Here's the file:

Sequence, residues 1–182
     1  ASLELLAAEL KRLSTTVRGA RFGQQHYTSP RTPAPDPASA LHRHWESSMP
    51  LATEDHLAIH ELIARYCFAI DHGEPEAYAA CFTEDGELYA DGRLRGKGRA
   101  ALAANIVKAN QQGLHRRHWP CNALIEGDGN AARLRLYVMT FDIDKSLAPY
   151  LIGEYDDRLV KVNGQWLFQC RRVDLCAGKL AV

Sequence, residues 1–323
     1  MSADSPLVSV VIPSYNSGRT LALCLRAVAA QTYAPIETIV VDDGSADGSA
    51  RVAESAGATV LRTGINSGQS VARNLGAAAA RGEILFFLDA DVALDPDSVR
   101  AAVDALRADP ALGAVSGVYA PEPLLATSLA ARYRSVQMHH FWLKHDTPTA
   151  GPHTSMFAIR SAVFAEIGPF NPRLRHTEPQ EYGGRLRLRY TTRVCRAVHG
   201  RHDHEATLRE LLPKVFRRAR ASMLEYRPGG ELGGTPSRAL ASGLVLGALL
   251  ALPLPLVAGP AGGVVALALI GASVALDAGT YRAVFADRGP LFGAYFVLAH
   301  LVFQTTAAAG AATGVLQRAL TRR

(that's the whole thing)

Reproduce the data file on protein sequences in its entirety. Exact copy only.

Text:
Sequence, residues 1–182
     1  ASLELLAAEL KRLSTTVRGA RFGQQHYTSP RTPAPDPASA LHRHWESSMP
    51  LATEDHLAIH ELIARYCFAI DHGEPEAYAA CFTEDGELYA DGRLRGKGRA
   101  ALAANIVKAN QQGLHRRHWP CNALIEGDGN AARLRLYVMT FDIDKSLAPY
   151  LIGEYDDRLV KVNGQWLFQC RRVDLCAGKL AV

Sequence, residues 1–323
     1  MSADSPLVSV VIPSYNSGRT LALCLRAVAA QTYAPIETIV VDDGSADGSA
    51  RVAESAGATV LRTGINSGQS VARNLGAAAA RGEILFFLDA DVALDPDSVR
   101  AAVDALRADP ALGAVSGVYA PEPLLATSLA ARYRSVQMHH FWLKHDTPTA
   151  GPHTSMFAIR SAVFAEIGPF NPRLRHTEPQ EYGGRLRLRY TTRVCRAVHG
   201  RHDHEATLRE LLPKVFRRAR ASMLEYRPGG ELGGTPSRAL ASGLVLGALL
   251  ALPLPLVAGP AGGVVALALI GASVALDAGT YRAVFADRGP LFGAYFVLAH
   301  LVFQTTAAAG AATGVLQRAL TRR